I also really like doing crystal prints because I have lots of crystals and talismans that I carry around with me. I’m planning to do more books and journals that are more focused on those subjects. For example, I’d love to do a book about the more spiritual side of using crystals.
Your wellness planners are such a unique item—I’m a big fan. How did they come about?
It’s actually quite personal. When you’re running your own business or you’re freelancing, you’re constantly dividing your time up. During the week I was just churning things out and trying to be productive, but it wasn’t productive for my mental state. So I wanted to create something that would help me have a more balanced lifestyle, and I knew other people would benefit from it too. I’ve also been doing a lot of transcendental meditation, so I’m trying to be more mindful.
Do you ever get stuck creatively? And if so, how do you reset?
You know when things just get really on top of you? Before this year, I’d never really experienced that—I’d always worked at a nice, steady pace. But this year I got overwhelmed. And when that happened, I couldn’t produce beautiful artwork.
What I ended up doing was giving myself a time-out: meditating and trying to go for more walks and finding a bit more quiet. But it’s quite hard to do that when your head is frantic, because it’s completely the opposite of what your brain tells you you should do. Your brain is saying, “You haven’t got time! We need to get this done!” But the big thing is to take time out and give yourself space to get inspired again—then your creative channel will come back in.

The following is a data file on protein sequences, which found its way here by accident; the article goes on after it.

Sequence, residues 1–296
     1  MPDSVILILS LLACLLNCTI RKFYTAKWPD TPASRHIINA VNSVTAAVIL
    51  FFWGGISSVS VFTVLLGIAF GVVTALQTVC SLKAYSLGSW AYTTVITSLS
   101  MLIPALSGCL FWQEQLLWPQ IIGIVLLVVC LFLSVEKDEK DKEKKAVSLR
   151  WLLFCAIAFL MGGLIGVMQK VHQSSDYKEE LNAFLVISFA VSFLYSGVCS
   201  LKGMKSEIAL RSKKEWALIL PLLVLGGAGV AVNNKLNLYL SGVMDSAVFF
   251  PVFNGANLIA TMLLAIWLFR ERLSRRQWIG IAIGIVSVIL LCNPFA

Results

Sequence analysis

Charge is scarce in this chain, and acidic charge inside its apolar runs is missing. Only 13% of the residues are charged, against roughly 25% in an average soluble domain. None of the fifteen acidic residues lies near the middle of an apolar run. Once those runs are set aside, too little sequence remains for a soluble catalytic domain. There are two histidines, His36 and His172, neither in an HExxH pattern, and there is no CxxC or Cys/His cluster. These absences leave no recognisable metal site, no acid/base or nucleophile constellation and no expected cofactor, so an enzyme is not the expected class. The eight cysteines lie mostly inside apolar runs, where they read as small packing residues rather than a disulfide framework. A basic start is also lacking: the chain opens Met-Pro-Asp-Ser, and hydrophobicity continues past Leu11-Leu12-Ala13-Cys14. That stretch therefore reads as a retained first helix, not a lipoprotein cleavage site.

That was a really big lesson for me this year, and I think it’s one that will stick with me for the rest of my creative life. I need to take a time-out when I want to work on my new collections and feel inspired. My best prints have come to me when I didn’t really know what I was doing.
How do you home in on being true to yourself and making what’s right for you?
It’s a tough one. I think it’s good to be inspired by other people and trends—obviously you’ve got to keep up to date with what people want. But it’s one thing to be inspired, and another thing to jump on the bandwagon. A lot of my most magical prints have come to me while I’m watching a nature documentary or reading National Geographic on holiday. I try to just go with that gut feeling and create something inspired by it.
For example, there was a customer recently that bought one of my Japanese crane notebooks. He said the print looked just like his view of the crane flight path he can see from his house where thousands of cranes migrate. When he told me that, I think it really helped me reinforce that feeling of magic. I originally made the print because I saw beautiful images of cranes, and when you hear something like that from a customer, it means they saw the same magic that I saw. It wasn’t because I saw it as a trend—it was authentic. It’s really beautiful to create that feeling of connection.
Photographs by Andy Donohoe.